A tour of the cornucopia of fruits to be found at The Tomato Stall
Image: John Holdship
“Tomato growing has really developed over the years—much more than many people may realise,” says Daniella from The Tomato Stall as she contemplates the 200-plus varieties that the farm produces on the Isle of Wight. “We now have a real range of flavours available. What we are trying to do is really get the knowledge out there.” For those used to the slightly watery, tough-skinned fruit of indeterminate taste, the display on The Tomato Stall at Borough is nothing short of astonishing.
“There is such a wide range of tastes, textures and flavours,” says Daniella. “We have a variety called chocolate marmonde. This is a gorgeous purple-brown, big beef tomato. It has quite dark shoulders and then fades into a red towards the bottom. It has a rich, earthy, full flavour, to go with its dramatic looks. Another tomato we grow is the classic golden vine, which is a bright sunshine yellow. This tomato is slightly less acidic than its red counterpart and with that, it has a lovely mellow sweetness. It is a nice twist on the classic red tomato when added to salad, or you can slice it up and put it in a tart. It just gives something different.”
While variety is definitely the name of the game for this British grower, this does not come at the expense of quality. The cherry tomato is a firm favourite among tomato-lovers, and these can of course be found on the stall—but things are done a little differently. “We have an excellent cherry tomato, a piccolo cherry vine,” Daniella says. “This is actually one of the hardest cherry vine tomatoes to grow, but we persisted because it is by far the tastiest. It has a wonderfully sweet flavour, so for me there is very little that needs doing to it. It is great as a snack on its own—you could take a punnet on a picnic and eat them alongside your sandwiches or pork pies.”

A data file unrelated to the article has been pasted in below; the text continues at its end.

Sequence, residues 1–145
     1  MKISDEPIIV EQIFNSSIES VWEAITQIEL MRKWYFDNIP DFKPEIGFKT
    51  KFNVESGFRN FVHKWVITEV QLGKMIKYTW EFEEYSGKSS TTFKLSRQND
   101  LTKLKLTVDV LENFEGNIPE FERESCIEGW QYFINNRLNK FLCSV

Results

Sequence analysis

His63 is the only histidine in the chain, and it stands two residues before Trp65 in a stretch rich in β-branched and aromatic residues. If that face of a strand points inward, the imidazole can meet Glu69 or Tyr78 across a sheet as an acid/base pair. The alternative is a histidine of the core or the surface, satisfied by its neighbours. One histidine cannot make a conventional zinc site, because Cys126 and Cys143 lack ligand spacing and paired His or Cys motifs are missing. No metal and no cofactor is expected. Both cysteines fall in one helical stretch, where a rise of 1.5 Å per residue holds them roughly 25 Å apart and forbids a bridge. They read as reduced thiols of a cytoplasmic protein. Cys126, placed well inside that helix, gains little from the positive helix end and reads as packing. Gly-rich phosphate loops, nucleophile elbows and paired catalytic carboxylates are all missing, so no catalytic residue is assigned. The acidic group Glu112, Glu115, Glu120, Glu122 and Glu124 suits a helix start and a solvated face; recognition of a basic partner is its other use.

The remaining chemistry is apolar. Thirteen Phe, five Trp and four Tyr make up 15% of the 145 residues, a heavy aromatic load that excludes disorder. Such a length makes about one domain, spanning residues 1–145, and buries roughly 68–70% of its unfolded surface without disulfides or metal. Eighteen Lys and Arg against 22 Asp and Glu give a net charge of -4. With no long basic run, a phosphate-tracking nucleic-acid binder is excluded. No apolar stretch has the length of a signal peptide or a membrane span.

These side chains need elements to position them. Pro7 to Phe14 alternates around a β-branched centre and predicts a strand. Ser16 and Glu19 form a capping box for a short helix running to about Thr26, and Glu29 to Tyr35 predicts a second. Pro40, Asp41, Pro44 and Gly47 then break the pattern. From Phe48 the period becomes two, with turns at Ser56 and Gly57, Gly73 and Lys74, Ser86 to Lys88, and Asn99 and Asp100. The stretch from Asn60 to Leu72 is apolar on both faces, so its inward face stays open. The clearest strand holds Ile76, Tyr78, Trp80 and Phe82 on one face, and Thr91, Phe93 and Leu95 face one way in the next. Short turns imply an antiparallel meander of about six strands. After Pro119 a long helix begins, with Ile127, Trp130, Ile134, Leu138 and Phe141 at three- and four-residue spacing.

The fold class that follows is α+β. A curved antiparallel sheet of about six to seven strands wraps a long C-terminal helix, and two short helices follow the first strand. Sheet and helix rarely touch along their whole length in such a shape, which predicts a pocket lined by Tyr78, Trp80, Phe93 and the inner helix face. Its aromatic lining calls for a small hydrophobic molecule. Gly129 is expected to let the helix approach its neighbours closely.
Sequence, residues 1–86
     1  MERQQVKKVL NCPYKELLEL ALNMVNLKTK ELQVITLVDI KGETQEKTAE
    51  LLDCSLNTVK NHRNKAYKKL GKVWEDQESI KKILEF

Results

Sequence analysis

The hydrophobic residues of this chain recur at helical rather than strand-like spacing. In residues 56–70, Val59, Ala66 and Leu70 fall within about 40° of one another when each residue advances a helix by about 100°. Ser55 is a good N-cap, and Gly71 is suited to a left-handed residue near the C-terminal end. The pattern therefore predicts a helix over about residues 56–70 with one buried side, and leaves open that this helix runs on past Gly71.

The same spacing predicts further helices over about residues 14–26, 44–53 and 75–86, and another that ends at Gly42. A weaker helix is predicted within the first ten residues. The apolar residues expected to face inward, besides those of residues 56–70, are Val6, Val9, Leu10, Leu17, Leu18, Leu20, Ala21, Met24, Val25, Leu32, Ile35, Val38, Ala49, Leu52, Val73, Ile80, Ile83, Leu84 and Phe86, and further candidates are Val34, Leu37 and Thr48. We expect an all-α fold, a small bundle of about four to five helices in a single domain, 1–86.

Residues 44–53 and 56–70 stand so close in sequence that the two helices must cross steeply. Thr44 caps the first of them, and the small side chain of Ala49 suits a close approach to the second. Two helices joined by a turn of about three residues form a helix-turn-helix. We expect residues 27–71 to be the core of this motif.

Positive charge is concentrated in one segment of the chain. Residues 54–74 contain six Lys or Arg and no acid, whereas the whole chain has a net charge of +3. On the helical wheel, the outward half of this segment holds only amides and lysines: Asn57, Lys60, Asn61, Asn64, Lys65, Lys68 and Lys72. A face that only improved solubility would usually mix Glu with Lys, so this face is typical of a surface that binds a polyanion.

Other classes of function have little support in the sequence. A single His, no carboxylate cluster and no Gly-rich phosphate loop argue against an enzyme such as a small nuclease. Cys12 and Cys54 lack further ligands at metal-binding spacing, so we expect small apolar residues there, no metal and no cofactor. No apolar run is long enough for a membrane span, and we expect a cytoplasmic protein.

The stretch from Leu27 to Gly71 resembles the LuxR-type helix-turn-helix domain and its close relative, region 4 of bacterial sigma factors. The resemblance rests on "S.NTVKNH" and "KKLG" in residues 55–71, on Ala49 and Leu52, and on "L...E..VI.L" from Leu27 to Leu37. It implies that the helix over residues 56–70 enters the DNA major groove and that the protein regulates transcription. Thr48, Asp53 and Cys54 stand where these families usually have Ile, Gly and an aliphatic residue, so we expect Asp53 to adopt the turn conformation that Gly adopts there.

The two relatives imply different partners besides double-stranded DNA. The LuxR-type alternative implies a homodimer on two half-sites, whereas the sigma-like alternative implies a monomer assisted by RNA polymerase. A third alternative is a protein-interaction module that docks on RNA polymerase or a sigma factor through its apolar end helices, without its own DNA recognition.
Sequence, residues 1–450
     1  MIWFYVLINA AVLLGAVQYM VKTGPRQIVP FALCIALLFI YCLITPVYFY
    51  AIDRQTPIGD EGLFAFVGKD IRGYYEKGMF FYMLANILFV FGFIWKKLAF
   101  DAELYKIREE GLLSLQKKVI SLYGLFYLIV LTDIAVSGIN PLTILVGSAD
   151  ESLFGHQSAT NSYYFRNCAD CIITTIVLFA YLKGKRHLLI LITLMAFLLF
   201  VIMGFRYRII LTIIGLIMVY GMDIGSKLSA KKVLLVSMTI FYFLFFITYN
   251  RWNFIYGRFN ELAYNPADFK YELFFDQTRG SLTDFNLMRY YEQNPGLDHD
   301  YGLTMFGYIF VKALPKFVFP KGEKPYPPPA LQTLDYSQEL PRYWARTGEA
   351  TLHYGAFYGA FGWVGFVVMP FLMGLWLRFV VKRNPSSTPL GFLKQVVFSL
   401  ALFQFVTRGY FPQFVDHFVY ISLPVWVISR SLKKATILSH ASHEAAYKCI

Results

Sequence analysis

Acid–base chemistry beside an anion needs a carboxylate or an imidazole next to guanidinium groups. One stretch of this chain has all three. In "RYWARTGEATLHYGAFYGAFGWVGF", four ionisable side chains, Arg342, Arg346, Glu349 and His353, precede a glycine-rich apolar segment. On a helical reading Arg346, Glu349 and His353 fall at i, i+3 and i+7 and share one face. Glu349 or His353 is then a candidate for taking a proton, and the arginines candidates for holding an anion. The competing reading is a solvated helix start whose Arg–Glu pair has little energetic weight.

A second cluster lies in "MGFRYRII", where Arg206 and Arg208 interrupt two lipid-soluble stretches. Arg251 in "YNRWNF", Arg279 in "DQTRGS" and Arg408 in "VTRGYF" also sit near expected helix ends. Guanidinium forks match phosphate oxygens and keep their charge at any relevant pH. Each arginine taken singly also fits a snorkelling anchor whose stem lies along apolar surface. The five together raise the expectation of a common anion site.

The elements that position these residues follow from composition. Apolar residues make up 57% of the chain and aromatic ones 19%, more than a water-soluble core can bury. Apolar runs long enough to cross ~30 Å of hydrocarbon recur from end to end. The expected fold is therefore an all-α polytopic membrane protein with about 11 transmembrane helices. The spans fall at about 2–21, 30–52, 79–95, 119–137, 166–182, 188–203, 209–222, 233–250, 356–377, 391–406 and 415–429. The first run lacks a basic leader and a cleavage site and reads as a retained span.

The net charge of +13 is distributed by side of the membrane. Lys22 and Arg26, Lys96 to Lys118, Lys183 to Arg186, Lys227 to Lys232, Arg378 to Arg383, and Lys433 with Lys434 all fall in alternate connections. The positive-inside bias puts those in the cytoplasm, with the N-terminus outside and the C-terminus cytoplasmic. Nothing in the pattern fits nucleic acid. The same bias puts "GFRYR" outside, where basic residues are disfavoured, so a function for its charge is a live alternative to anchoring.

Sweet and tangy
If you want a classic red tomato, Daniella suggests the red mini plum, which are bursting with that rich tomato flavour we want when we pick up a tomato, but rarely actually get. “They have a good balance of acidity and sweetness, with a lovely crunch to them. They are also robust enough to stand up to different flavours and cooking techniques, making them extremely versatile.” However, if you are up for a showstopper on the dinner table there is something for you as well: the green tiger tomato. With its distinctive tiger stripes, the flesh is bright green with a sweet and tangy taste. While you can eat them raw, they are ideal for roasting.
The orange cherry vine, meanwhile, has a distinctive fruity flavour all of its own and is the most glorious vibrant colour. Then there is the kumato: originally developed in Spain, it thrives on the Isle of Wight and is one of the stall’s most requested tomatoes. “When the skin is dark green the taste is mild and the flesh firm, great for slicing. As it ripens to a chocolate brown, it takes on a sweet and slightly spicy aroma, perfect for salads. Allowed to develop to a dark red tinge the fruit becomes juicier and acquires a very sweet flavour.” Like three tomatoes in one.
If you feel inspired by the cornucopia on offer, there are several suggestions to get you started on your exploration of the surprisingly varied British tomato: try Felicity Cloake’s Sicilian almond and tomato pesto, Kathy Slack’s tomato and basil tarts, Tom Hunt’s pappa pomodoro, or Paula McIntyre’s tomato and Woodside Red salad, which uses three different types of tomato. “There are so many wonderful recipes using tomatoes,” Daniella says with a smile. “With sweet, acidic, fruity and, on occasion, varieties with a touch of bitterness to choose from, exploring the different types of tomato can take your favourite dishes to another level.”